Pramila Jayapal has made a name for herself by denouncing the “1 percent” that she sees as the main social force gentrifying Seattle into a white city. She’s pledged to bring that same fiery passion for representation to her tenure as Congresswoman if she wins.
First woman and African-American to represent Delaware in Congress
Rochester, a Democrat, has listed spending on social programs, job creation, and gun control as some of the main issues in her campaign. Unlike her opponent, Hans Reigle, she’s also committed supporter of comprehensive immigration reform and is pushing for Delaware to become a sanctuary state, which would enable undocumented residents to live there without fear of legal persecution.
First Native American woman in Congress
Denise Juneau has spent the past nine years advocating for changes to Montana’s approach to public education. If elected she would be both the first female Montanan elected to Congress in over 60 years and also the first openly queer Montanan ever to hold federal office.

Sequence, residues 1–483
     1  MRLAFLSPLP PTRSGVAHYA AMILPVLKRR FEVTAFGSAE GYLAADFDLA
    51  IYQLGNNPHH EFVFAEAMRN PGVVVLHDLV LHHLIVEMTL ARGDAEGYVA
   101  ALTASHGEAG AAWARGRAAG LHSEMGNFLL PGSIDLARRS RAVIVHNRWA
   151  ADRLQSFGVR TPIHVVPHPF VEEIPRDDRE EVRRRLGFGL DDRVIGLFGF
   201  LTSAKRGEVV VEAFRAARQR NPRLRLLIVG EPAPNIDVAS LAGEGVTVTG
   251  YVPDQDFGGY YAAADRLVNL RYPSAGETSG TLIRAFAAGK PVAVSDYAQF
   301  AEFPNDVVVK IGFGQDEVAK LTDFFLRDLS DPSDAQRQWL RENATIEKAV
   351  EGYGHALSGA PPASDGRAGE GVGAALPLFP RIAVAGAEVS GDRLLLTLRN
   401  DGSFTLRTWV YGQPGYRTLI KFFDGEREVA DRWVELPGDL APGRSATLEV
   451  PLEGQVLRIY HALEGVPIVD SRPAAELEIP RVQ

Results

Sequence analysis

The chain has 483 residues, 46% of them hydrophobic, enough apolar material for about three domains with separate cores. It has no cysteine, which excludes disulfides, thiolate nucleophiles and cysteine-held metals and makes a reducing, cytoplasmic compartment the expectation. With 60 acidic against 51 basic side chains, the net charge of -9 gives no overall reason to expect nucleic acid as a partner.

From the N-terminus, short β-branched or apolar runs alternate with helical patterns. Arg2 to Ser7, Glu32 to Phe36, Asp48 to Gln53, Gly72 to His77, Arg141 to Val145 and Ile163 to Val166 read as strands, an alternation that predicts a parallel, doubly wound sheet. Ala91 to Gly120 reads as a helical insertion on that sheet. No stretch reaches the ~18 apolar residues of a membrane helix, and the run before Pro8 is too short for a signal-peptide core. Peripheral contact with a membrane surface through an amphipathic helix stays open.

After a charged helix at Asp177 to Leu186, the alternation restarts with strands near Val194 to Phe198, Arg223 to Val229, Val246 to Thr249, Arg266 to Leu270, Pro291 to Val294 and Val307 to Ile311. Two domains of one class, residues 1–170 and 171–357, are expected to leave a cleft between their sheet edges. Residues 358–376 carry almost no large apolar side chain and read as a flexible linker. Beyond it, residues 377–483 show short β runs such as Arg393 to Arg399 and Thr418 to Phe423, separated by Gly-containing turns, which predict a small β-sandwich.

🇺🇸 Statewide 🇺🇸
First woman to serve as Oregon State Treasurer
Telfer, a former Oregon state senator, is running as an independent in a tightly contested three-person race. In early October, the state’s largest newspaper, The Oregonian, endorsed her for the position, citing her “legislative experience” and a “sense of urgency to a role” that “has been too much of a figurehead.”
First black woman elected to Washington statewide office
Jones is running for state superintendent against longtime state senator Chris Reykdal. A former schoolteacher, Jones is campaigning on the promise of bringing an outsider’s perspective to a position that she sees as excessively insular.
Mary Ann Claytor
First person of color to hold statewide elected office in West Virginia history